With the onset of the digital age, are we moving so fast that we often forget to gather our thoughts, reflect on our lives, and critically asses, think and question before we act? Before we hit the like or share buttons, before we double tap?
The thirst to be first has been augmented by the hunger for the latest devices, technological advances, and “coolest” perspectives, causing audiences to suffer from over-saturation of visual stimuli.
Yet most don’t realize this and continue to scroll faster and faster, getting their visual fix without reflecting on what they are looking at and often missing the nuance, the message or the story altogether.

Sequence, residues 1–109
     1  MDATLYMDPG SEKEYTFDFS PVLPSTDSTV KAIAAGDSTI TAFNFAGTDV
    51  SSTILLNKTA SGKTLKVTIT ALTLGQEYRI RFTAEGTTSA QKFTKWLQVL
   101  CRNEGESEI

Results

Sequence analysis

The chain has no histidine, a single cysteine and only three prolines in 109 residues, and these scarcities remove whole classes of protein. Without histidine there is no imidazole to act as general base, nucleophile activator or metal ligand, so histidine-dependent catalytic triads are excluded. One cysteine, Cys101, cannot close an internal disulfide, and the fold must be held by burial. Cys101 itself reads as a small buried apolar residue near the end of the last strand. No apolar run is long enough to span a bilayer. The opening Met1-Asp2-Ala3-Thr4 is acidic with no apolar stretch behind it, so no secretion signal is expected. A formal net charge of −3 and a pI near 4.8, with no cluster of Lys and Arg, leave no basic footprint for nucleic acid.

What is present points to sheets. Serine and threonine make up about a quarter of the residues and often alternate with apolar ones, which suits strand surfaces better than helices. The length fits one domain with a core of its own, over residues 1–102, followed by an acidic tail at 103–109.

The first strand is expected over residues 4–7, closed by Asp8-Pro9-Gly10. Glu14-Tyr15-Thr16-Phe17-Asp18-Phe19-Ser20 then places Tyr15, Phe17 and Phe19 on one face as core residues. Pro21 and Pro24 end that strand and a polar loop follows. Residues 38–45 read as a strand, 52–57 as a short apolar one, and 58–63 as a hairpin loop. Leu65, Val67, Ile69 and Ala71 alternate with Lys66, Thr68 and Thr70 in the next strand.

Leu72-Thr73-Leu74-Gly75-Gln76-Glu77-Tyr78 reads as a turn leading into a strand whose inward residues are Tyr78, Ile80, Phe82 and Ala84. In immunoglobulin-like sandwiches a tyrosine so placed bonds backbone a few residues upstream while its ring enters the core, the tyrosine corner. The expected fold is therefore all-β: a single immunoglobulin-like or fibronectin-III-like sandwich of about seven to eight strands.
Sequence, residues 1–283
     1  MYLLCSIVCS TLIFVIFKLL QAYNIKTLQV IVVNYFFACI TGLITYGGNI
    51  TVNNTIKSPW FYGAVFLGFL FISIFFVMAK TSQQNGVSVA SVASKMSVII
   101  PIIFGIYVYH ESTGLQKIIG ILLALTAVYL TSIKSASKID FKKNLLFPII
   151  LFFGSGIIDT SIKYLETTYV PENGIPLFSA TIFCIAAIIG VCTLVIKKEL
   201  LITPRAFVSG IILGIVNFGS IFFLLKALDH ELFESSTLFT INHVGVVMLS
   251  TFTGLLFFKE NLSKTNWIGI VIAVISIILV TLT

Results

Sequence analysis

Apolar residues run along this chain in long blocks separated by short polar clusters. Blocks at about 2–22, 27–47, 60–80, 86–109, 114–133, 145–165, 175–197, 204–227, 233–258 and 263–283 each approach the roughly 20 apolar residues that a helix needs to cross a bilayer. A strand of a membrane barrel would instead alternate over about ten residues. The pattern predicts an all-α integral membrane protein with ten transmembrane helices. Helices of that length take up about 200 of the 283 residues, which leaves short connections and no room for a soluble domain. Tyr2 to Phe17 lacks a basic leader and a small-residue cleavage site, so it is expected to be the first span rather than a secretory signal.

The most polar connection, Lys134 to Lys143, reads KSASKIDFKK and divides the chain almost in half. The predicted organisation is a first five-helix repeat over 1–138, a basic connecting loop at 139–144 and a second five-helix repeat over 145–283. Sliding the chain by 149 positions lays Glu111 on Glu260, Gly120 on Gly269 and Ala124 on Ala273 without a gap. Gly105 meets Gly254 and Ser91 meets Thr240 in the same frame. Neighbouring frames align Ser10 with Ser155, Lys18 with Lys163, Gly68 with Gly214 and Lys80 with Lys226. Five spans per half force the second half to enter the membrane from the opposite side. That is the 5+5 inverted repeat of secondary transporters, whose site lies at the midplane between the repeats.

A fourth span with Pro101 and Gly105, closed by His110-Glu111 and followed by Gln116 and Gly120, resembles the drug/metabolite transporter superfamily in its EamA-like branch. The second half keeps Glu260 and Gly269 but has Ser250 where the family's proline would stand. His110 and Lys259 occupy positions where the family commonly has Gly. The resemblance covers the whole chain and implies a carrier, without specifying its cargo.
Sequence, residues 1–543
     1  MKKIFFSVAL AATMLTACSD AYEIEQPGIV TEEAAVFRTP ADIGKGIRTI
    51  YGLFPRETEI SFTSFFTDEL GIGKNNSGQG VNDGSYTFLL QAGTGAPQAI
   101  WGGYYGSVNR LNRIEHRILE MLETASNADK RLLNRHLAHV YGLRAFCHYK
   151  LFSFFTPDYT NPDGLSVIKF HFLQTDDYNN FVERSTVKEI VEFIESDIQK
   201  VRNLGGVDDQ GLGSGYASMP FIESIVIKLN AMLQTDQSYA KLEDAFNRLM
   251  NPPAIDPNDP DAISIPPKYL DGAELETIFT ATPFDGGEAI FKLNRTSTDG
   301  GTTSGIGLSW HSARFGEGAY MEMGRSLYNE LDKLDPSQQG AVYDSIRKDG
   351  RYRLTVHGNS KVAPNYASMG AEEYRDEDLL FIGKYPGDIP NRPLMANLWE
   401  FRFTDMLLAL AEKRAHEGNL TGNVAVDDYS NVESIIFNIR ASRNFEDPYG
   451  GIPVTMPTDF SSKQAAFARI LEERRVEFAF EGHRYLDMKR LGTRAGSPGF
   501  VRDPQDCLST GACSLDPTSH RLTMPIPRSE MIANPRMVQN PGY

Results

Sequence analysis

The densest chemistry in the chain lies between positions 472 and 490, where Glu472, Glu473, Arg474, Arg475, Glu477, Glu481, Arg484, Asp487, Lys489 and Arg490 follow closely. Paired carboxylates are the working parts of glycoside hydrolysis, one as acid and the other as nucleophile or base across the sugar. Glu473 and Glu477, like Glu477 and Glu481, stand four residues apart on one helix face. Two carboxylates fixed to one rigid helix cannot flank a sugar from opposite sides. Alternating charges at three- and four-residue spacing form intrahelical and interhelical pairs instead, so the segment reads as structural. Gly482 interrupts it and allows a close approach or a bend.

We, as visual communicators, are forced to feed the beast, moving as if the photographic process travels at the speed of light, but at what cost?
What would happen if we actually slowed down? If we stopped treating our subjects as just visual props?
The photographic process has been my passport to understanding, my method of engagement with the world. In other words, “it has always been personal.” I work to tell stories, “catching them” in fractions of seconds. Hopefully they move audiences for years. Hopefully they are a force for good in the world.
This is why I make images.